Last Thursday we had the biggest emergency in the history of our clinic in Gatineau. There’s a family that lives near the clinic and the parents have a lot of children, most of them grown. As is typical of many people who live near the clinic, they are very poor. We’ve seen most of the family in the clinic at one time or another with various illnesses.

Around 3pm on Thursday afternoon, just as we were winding up another busy clinic day, one of the daughters appeared with her aunt, complaining of severe abdominal pain. She was hunched over and groaning in pain. According to the aunt and her mother, the young woman had had pain for over three weeks, worse in the past couple of days. When I examined her abdomen, it was tight as a drum, indicating a potential surgical problem. After much encouragement, we were able to obtain a urine pregnancy test on her and it was positive. The diagnosis I suspected was a ruptured ectopic pregnancy. This was a true surgical emergency!

We held a quick family conference with her parents and other family members and told them we were willing to take her in our jeep down to the hospital in Jérémie, so that she could see a surgeon and potentially undergo an operation. They were agreeable, although all of us knew they didn’t have the money to pay for care at the hospital. So, we put her in the back of the jeep, with family members holding her on the seat and made the very painful drive down to Jérémie. She yelled with each bump in the road due to irritation of the lining of her abdomen from blood that was most likely inside. Cherlie tried to offer words of encouragement and I just concentrated on driving!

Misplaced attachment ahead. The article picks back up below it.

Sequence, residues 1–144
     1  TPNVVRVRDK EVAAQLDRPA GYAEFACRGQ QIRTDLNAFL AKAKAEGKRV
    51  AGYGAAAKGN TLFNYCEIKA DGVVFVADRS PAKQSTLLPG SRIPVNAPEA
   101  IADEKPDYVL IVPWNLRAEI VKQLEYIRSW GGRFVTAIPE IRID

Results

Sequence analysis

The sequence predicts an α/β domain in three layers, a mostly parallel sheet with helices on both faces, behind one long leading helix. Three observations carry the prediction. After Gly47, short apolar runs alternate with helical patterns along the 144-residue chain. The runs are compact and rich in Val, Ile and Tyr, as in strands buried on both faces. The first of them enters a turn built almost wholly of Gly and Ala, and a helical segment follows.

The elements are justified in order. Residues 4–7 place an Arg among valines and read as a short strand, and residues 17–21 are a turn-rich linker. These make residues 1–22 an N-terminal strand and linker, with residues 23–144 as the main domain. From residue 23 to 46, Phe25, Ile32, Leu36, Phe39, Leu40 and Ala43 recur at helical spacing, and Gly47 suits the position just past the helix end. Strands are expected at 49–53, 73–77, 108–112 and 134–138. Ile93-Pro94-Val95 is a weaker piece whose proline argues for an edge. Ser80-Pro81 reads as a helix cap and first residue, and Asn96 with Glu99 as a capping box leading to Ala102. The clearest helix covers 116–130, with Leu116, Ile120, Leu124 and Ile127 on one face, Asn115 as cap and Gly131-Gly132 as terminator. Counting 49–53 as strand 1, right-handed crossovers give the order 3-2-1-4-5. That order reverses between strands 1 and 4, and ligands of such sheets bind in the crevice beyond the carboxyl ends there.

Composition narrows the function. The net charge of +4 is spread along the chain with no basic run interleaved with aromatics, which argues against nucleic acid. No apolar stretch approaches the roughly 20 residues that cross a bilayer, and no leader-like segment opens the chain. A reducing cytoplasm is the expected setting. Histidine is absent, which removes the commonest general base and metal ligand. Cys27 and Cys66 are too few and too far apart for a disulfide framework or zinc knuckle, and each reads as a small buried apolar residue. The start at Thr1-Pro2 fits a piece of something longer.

When we got to the government hospital, I went right to the Emergency Room and spoke with the young Haitian physician who was in charge. All the beds in the ER were full and he looked like it would take him all night to get finished seeing all the patients. But, when he heard the story, he told a nurse to fix a bed in another side room and, after examining her abdomen himself, proceeded to call in the surgeon and the ultrasound technician. I went with the mother to the pharmacy to buy IV needles, syringes, medications and IV fluids. The bill came to 680 Haitian gourdes. The mother had all of 200 gourdes in her purse. Needless to say, our priority at that point was saving this girl’s life. Within an hour, she had obtained an ultrasound, had lab tests done, was examined by the gynecologist who did, indeed, find blood when he put a needle in her abdomen, and was in the operating room. The total price of everything I had to buy to get her there, including the purchase of sterile gloves, suture material, antibiotics, and scalpel was 5235 Haitian gourdes or about 120 US dollars. She lived through the surgery and is recovering in the hospital now.

To all of our donors, we say “Thank you” for allowing us to have the privilege of serving the Lord in this country. Together, that day, we saved a life!

Advertisements